There are a few major common subjects in a phishing attempt. The majority are either PayPal or your Bank or Credit Card, with a message saying some thing like :
- We’re improving your current account
- There have been unauthorised or suspicious attempts to log in to your account, please verify
- Your account has exceeded its limit and needs to be verified
- Your account will be suspended !
- You have received a secure message from < your bank>
- New Secure Message
- We are unable to verify your account information
- Update Personal Information
- Urgent Account Review Notification
- We recently noticed one or more attempts to log in to your PayPal account from a foreign IP address
- Confirmation of Order
This one is Lloyds bank We’re improving your current account pretending to come from Lloyds Banking Group Plc <[email protected]> The original email looks like this. It will NEVER be a genuine email from PayPal or Your Bank so don’t ever fill in the html ( webpage) form that comes attached to the email. Some versions of this phish will have a link to a website that looks at first glance like the genuine bank website.
Lloyds actually do allow you to pay in and perform some transactions at a Post Office rather than going to your branch, so many users might get unwittingly caught out by this one and think they need to notify the bank
Email looks like
Good news. You received this email as a notice for the database update for this month.
This update is designed by our IT engineers to provide higher security to our customers
online accounts, prevent unauthorized account access and other types of online fraud.
On 19 November 2014 we’ll be making an improvement to your account – to help you get the most out of it.
You’ll be able to pay cheques and cash into your account at most Post Office branches – giving you another way to bank with us.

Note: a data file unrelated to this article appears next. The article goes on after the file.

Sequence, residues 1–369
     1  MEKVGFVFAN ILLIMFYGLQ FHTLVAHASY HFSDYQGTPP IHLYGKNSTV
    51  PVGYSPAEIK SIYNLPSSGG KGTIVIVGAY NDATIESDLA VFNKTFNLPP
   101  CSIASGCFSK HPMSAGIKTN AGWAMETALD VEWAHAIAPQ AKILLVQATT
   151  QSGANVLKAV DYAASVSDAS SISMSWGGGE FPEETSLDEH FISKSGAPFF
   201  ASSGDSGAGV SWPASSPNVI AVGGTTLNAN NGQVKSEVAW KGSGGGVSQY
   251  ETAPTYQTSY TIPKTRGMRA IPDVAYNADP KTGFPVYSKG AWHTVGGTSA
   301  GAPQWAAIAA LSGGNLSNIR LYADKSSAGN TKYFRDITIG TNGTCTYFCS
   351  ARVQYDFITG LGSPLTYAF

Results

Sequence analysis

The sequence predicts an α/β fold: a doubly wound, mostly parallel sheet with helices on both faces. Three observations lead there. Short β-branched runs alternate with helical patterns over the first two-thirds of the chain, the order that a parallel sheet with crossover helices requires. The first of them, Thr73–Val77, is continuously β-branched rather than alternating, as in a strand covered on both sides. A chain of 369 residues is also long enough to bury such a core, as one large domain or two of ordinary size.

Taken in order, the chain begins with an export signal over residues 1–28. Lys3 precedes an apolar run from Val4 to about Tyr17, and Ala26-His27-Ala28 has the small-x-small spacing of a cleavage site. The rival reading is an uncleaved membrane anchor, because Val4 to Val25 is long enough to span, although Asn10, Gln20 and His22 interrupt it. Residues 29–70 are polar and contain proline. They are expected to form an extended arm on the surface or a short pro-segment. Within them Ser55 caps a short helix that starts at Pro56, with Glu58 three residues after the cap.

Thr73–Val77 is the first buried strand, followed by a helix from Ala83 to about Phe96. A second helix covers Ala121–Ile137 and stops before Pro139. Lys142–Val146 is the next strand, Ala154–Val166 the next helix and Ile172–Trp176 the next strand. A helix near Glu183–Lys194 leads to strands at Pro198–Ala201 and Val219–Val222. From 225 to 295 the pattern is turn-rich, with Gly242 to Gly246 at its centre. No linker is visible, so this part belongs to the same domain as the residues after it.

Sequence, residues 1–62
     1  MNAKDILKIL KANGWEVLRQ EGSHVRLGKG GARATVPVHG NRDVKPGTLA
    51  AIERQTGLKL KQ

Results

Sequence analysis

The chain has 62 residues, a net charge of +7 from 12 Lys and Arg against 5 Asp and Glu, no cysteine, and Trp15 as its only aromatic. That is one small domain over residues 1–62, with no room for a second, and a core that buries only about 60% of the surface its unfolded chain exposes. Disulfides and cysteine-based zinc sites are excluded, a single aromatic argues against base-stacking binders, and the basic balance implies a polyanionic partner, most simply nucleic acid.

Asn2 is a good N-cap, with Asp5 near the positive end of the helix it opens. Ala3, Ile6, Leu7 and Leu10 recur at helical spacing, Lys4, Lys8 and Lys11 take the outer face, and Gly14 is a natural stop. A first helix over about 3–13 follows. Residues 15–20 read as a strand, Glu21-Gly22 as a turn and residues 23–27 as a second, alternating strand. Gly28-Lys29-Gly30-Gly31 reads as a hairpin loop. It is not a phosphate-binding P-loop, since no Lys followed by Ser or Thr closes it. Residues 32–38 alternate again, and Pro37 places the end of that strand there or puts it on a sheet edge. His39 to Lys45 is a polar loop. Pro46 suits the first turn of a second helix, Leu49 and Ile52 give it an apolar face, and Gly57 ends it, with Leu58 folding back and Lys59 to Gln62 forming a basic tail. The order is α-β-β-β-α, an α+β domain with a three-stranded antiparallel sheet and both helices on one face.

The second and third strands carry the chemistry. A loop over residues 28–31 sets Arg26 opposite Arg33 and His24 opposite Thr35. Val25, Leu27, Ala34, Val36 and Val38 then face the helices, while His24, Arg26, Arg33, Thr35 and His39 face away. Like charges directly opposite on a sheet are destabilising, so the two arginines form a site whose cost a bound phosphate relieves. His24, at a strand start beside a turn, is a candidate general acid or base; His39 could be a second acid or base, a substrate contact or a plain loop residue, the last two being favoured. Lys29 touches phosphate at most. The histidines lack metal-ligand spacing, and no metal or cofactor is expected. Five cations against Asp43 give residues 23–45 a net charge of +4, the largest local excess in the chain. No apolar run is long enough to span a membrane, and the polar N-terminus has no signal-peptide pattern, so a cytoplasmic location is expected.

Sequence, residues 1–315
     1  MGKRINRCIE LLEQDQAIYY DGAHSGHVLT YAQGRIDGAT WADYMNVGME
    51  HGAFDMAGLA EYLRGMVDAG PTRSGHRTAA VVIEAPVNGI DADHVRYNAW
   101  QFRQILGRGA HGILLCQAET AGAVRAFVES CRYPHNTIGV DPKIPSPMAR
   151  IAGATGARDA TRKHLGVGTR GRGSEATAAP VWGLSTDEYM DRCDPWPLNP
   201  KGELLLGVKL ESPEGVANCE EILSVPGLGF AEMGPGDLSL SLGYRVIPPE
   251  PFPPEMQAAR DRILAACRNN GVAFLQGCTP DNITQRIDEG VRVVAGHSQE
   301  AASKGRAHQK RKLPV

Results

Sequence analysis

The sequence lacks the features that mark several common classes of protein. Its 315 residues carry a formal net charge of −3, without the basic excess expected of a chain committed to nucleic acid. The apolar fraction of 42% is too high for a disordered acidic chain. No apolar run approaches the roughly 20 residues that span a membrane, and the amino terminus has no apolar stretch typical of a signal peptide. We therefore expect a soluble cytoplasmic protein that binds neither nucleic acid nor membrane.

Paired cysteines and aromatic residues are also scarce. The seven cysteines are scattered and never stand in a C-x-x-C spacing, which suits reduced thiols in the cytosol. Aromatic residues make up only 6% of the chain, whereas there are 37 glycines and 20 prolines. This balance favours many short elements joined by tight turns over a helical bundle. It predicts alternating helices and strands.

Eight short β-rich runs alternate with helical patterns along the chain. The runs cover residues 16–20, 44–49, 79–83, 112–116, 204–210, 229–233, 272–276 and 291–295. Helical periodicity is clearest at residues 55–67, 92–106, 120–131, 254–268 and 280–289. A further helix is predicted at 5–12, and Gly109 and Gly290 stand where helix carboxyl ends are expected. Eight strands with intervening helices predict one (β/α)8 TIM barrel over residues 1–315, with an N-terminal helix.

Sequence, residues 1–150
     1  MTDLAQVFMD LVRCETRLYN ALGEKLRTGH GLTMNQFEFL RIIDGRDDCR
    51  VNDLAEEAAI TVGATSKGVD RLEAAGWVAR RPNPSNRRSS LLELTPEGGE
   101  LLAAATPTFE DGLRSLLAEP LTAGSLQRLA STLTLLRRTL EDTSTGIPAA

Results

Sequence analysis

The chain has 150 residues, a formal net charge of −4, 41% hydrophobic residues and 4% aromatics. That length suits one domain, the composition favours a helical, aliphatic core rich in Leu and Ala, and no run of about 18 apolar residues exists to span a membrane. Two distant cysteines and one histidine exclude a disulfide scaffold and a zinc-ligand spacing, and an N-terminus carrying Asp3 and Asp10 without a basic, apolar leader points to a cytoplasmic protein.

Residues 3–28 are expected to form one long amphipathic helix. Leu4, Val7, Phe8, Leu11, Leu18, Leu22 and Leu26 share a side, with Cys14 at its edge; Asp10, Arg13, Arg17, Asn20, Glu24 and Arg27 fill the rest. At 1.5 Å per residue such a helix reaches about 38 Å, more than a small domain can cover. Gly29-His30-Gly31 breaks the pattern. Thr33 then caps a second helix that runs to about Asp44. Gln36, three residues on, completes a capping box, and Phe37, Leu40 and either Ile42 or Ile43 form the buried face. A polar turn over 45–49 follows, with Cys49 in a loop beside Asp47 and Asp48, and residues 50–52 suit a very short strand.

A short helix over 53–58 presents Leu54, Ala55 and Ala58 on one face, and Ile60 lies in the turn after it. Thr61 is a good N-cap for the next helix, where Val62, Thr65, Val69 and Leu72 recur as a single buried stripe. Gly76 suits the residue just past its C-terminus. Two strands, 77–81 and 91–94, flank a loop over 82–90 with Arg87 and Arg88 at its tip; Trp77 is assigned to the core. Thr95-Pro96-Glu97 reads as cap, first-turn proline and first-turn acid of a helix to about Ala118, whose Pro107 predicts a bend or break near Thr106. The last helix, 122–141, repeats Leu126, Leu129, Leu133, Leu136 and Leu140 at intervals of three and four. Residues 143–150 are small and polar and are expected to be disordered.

Please download the document attached to this email and update your account.
Non-Executive Chairman of the Board.
Please do not reply to this e-mail as this is only a notification. Mail sent to this address cannot be answered.
If you do unwittingly open the attachment you will see a page looking like this. Do not fill anything in & just delete the attachment and the email
This one wants your personal details and bank details. Many of them are also designed to specifically steal your email, facebook and other social network log in details. Please read our How to protect yourselves page for simple, sensible advice on how to avoid being infected by this sort of socially engineered malware. All of these emails use Social engineering tricks to persuade you to open the attachments that come with the email or click the link in the email .
Whether it is a message saying “look at this picture of me I took last night” and it appears to come from a friend or is more targeted at somebody who regularly is likely to receive PDF attachments or Word .doc attachments or any other common file that you use every day. Or whether it is a straight forward attempt, like this one, to steal your personal, bank, credit card or email and social networking log in details. Be very careful when unzipping them and make sure you have “show known file extensions enabled“, And then look carefully at the unzipped file. If it says .EXE then it is a problem and should not be run or opened.